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Found in: Page 395

### Linear Algebra and its Applications

Book edition 5th
Author(s) David C. Lay, Steven R. Lay and Judi J. McDonald
Pages 483 pages
ISBN 978-03219822384

# Question: If A is $$m \times n$$, then the matrix $$G = {A^T}A$$ is called the Gram matrix of A. In this case, the entries of G are the inner products of the columns of A. (See Exercises 9 and 10).9. Show that the Gram matrix of any matrix A is positive semidefinite, with the same rank as A. (See the Exercises in Section 6.5.)

It is proved that the Gram matrix of any matrix $$A$$ is positive semidefinite with the same rank as A.

See the step by step solution

## Step 1: Gram matrix

When $$A$$ is a $$m \times n$$ matrix then the matrix $$G = {A^T}A$$ is known as the Gram matrix of A.

## Step 2: Show that the Gram matrix of any matrix A is positive semidefinite, with the same rank as A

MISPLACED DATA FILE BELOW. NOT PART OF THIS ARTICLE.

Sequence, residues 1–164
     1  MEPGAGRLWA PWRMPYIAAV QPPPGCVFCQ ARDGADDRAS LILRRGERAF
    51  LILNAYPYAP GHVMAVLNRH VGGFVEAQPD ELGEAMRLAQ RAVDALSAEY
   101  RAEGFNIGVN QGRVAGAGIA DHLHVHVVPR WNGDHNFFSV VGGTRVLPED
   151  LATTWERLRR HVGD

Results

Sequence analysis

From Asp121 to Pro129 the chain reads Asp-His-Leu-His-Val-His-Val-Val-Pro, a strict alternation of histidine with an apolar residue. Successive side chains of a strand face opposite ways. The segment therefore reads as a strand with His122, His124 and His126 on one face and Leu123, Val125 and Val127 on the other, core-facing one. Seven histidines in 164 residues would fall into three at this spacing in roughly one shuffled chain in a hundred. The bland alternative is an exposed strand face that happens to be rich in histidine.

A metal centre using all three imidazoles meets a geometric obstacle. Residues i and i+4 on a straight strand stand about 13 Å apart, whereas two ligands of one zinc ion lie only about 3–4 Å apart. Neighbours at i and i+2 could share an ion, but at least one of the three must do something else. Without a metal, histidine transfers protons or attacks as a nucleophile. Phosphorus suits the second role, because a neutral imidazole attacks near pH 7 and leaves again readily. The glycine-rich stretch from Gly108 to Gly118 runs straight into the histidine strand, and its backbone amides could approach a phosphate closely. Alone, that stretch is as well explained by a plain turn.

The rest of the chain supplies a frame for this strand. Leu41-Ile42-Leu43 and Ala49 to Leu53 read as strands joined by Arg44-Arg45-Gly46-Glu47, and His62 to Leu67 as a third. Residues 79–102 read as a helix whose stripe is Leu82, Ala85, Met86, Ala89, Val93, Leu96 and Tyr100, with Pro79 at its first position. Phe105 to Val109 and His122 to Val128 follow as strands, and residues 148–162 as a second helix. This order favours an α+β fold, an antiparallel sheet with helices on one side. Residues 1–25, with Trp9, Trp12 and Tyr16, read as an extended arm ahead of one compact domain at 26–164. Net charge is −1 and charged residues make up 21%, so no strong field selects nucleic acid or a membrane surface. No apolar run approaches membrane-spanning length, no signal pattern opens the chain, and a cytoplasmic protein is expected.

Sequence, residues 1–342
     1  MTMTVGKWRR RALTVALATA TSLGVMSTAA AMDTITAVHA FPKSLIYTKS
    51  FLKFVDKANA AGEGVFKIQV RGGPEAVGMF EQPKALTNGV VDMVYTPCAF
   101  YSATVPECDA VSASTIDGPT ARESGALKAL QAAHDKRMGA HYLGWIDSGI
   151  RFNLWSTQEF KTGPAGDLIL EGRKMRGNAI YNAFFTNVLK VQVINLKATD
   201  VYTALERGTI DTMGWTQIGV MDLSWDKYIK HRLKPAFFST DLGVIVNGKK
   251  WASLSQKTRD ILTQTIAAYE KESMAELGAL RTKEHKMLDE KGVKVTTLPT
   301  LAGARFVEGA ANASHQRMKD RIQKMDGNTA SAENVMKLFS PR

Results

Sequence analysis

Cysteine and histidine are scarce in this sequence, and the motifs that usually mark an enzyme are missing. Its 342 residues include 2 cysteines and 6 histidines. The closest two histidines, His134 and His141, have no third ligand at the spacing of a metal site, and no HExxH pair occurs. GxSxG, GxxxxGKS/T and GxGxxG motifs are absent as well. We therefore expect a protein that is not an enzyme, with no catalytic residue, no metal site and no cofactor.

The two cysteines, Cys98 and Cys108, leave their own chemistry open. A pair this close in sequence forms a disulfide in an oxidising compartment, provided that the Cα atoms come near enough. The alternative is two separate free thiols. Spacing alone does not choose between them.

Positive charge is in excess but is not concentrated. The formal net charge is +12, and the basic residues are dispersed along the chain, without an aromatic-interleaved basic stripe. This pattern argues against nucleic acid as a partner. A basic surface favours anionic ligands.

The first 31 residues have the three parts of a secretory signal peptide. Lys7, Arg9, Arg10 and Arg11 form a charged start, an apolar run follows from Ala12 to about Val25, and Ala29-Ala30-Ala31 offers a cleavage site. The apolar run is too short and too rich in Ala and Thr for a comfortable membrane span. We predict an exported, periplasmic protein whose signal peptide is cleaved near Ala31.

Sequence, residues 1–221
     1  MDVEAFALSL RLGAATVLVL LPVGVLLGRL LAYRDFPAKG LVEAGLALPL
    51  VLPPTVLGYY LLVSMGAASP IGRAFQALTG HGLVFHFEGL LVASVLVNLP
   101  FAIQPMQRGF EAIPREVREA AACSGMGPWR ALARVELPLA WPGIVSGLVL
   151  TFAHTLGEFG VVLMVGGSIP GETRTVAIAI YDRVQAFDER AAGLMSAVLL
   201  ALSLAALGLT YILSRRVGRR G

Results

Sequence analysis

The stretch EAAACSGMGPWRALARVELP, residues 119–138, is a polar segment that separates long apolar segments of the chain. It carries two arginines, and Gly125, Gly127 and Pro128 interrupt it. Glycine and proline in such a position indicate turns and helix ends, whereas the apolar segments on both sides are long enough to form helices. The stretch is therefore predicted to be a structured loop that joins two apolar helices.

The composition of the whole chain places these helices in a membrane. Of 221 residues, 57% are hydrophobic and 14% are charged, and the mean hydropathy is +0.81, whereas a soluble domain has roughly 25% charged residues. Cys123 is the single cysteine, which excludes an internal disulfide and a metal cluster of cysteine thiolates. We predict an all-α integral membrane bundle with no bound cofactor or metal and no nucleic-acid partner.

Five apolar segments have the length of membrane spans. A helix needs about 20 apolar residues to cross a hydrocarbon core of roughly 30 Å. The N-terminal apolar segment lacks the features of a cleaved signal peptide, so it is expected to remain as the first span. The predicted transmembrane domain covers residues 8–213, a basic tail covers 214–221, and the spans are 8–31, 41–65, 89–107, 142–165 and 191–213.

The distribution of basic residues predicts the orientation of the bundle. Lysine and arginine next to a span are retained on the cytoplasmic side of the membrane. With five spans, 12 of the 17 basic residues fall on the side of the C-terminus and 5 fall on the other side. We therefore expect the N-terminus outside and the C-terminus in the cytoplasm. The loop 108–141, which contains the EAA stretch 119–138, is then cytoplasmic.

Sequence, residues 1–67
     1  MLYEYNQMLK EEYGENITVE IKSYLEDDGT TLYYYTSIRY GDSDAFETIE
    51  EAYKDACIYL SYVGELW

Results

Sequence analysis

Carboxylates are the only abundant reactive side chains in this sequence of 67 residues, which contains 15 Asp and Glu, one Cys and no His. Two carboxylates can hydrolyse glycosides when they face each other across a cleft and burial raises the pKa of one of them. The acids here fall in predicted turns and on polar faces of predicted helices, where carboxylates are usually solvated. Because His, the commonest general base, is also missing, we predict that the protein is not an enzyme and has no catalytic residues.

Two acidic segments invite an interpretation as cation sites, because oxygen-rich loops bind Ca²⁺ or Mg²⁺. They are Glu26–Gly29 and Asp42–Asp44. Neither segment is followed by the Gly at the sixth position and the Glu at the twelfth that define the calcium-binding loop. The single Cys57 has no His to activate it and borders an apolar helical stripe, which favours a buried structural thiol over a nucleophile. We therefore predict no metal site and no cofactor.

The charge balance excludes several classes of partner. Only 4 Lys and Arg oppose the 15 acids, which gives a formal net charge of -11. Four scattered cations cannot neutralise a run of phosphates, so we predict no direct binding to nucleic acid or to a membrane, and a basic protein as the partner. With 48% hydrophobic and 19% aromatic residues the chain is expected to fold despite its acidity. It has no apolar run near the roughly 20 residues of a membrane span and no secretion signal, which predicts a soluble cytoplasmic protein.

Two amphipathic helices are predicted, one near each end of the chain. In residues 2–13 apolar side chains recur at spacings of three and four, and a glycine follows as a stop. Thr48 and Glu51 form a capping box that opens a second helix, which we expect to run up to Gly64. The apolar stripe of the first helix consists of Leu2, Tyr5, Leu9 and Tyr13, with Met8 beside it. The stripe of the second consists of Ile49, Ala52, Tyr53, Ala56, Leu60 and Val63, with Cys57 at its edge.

Exercise 22 in section 6.5 states that $${\mathop{\rm rank}\nolimits} {A^T}A = {\mathop{\rm rank}\nolimits} A$$.

When $$A$$ is a $$m \times n$$ matrix and $${\bf{x}}$$ in $${\mathbb{R}^n}$$ then;

$$\begin{array}{c}{{\bf{x}}^T}{A^T}A{\bf{x}} = {\left( {A{\bf{x}}} \right)^T}\left( {A{\bf{x}}} \right)\\ = {\left\| {A{\bf{x}}} \right\|^2} \ge 0\end{array}$$

Therefore, $$G = {A^T}A$$ is a positive semidefinite. According to Exercise 22 in Section 6.5, $${\mathop{\rm rank}\nolimits} {A^T}A = {\mathop{\rm rank}\nolimits} A$$.

Thus, it is proved that the Gram matrix of any matrix $$A$$ is positive semidefinite with the same rank as A.